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Opinion >  Column

Sue Lani Madsen: The West Side fights for energy efficiency, but what about the home costs?

UPDATED: Thu., Oct. 22, 2020

Sue Lani Madsen, an architect and rancher, writes a weekly column for The Spokesman-Review.  (JESSE TINSLEY)
Sue Lani Madsen, an architect and rancher, writes a weekly column for The Spokesman-Review. (JESSE TINSLEY)

Affordable home ownership is key to climbing into the middle class, but energy code changes next year won’t help mend the wealth gap. Larry Gropp, a Pullman-based architect designing primarily single-family homes, worries about what the new codes will do to affordability.

“I suspect 90% of architects in this state are unaware, and builders are just starting to get a clue,” Gropp said.

According to Gropp, the latest residential energy code will add 30% to the price of a new home. Prior to 2015, builders in Pullman could produce a 2,500-square-foot custom home at $130 per square-foot. Prices jumped to $185 per square-foot after the previous code update in 2015, partially driven by additional requirements for insulation and heating systems.

The new code will bump the price again. Formally adopted by the State Building Code Council in 2019, implementation of the 2018 edition of the energy code has been delayed twice. It is now set to take effect on Feb. 1.

The Spokane Homebuilders Association is already clued in.

“We’re hearing from our members a range of $15,000 to $25,000 added cost per home overnight from Jan. 31 to Feb. 1 for compliance with the new energy codes,” said Isaiah Paine, government affairs director for the organization.

The impact of meeting Gov. Jay Inslee’s energy goals for net-zero housing falls hardest on those with lower incomes.

“We know every $1,000 increase in home prices shuts out 219 Spokane and Spokane Valley families from home ownership,” said Paine, according to a 2020 study by the National Association of Homebuilders.

Housing affordability is driven by “land, labor and lumber,” Paine said. Restricted supply inside urban growth boundaries and increased demand by cash buyers relocating from high equity markets have pushed up land prices. Labor shortages have been created by decades of emphasis on college as the only path to job security, leaving well-paid essential jobs in all skilled trades going begging.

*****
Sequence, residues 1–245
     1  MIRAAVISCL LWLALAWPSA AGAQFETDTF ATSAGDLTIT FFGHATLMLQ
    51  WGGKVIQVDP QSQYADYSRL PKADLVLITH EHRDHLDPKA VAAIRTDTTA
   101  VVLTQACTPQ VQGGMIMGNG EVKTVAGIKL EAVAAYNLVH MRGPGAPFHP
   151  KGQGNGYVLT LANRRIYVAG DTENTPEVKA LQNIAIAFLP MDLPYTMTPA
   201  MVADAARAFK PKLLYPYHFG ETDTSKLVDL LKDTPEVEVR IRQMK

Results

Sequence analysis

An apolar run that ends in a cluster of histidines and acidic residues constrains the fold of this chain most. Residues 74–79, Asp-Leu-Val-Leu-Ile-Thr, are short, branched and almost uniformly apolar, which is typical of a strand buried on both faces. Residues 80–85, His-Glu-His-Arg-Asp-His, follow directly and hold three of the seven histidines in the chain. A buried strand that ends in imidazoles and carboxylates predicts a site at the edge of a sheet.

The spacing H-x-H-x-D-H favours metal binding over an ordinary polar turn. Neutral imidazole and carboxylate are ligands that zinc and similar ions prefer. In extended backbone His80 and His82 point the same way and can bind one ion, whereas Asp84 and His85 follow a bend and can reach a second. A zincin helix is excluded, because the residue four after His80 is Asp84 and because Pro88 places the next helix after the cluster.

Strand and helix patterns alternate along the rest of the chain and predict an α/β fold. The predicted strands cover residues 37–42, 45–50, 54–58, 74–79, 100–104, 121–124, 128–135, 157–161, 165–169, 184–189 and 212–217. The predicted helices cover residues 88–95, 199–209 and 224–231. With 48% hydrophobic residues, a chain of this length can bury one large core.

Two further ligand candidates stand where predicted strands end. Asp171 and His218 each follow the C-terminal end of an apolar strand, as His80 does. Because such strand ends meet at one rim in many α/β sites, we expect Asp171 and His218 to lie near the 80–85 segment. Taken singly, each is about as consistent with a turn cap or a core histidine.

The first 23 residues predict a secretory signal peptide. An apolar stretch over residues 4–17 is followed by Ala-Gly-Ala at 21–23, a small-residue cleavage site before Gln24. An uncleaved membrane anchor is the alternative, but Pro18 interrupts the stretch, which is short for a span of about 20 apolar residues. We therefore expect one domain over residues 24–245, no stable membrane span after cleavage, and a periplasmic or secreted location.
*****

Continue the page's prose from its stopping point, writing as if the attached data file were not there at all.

“Most of our members could put someone to work tomorrow if they had someone willing,” Paine said.

Paine also said lumber cost has more than doubled since March 2020 when mills slowed down supply anticipating a drop in demand. COVID-19 lockdowns energized the do-it-yourself market and low interest rates increased construction demand by those who could afford it.

Across the board, cost increases and supply-chain issues are common. Compliance with regulations and taxation is baked into the system. B&O taxes on gross revenue are collected at each level of subcontracting. Sales tax is added on the final total, including the sales tax recently adopted by the City of Spokane for an affordable housing fund. A tenth of a percent here, a tenth of a percent there, and it all compounds faster than interest at a payday loan shop.

Increasing costs affect every housing project, whether new or remodel, and regardless of funding source.

Al French, an architect as well as Spokane County commissioner, sits on the State Building Code Council. SBCC staff provided an estimate of $10,000 as the average additional energy code cost to the average Washington home, whatever “average” is in a state as diverse as Washington.

French didn’t support the adoption.

“We’re just starting to see the dramatic impact these code revisions are going to have on affordability. I’m concerned we’re going to price out a large percentage of folks in Spokane County and around the state,” he said.

French, Paine and Gropp agree the energy code is designed to discourage use of natural gas and encourage all-electric homes with a system of credits giving limited choices towards energy efficiency.

An efficient natural gas furnace earns zero credits toward meeting the six required by the 2018 code. The favored solution is an electric heat pump, which requires a climate where the average winter temperature is above freezing. At low temperatures, the higher electric bill is a budget buster for anyone running a household on a median income. One of Gropp’s clients burns three to four cords of wood each winter to compensate for her “efficient” heat pump in cold weather.

French expressed frustration with the West Side-dominated building code council. Five out of 12 months east of the Cascades have an average low temperature below freezing.

“It’s a stark contrast between eastern and western Washington,” French said. “This is just the beginning of the impacts we’re going to see of these policy decisions forced on our citizens, especially those at the lower end of the economic scale. They’ll be paying the price to achieve these goals, and that’s unfortunate.”

Government can be part of the solution to housing affordability, but only when it isn’t the source of the problem. And more subsidizing of affordable rental housing doesn’t touch deeper issues.

“Home ownership is key to closing the wealth gap and opening up other opportunities. We think home ownership is part of the solution,” Paine said.

It’s not a term conservatives use often, but housing affordability is a social justice issue.

Sue Lani Madsen can be reached at

Editor’s note: This column was updated on Oct. 22 to reflect the accurate price increase per square-foot of certain homes in Pullman since 2015. An earlier version overstated the increase. 

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